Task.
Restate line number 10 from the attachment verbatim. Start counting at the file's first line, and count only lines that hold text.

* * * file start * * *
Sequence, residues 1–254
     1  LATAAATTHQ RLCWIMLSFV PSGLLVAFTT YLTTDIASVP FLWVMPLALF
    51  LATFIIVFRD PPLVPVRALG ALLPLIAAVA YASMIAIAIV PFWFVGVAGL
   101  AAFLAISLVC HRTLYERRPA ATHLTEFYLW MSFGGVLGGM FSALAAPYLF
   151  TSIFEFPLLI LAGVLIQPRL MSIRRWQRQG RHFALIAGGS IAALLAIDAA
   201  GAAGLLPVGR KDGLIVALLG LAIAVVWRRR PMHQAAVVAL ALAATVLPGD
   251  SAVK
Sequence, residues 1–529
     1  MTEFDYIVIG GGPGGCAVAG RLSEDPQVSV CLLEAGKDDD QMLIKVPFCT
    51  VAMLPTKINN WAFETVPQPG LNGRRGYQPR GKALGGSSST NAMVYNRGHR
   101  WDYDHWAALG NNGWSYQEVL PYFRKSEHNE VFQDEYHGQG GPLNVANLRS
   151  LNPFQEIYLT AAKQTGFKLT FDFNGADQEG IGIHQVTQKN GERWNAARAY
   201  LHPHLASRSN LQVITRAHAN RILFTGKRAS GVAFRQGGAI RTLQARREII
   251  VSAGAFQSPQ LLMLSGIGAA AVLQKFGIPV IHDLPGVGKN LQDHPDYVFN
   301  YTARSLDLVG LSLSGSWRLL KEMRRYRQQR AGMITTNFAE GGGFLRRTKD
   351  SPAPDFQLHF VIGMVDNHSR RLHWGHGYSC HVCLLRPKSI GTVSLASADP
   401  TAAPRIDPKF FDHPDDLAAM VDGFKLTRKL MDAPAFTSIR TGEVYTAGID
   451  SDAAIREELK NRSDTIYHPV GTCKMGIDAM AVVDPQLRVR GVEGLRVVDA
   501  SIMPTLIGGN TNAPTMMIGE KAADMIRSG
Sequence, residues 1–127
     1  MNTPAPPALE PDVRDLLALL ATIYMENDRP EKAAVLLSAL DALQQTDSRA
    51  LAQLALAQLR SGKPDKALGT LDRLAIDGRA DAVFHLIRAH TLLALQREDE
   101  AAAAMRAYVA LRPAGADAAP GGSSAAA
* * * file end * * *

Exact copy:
    51  VAMLPTKINN WAFETVPQPG LNGRRGYQPR GKALGGSSST NAMVYNRGHR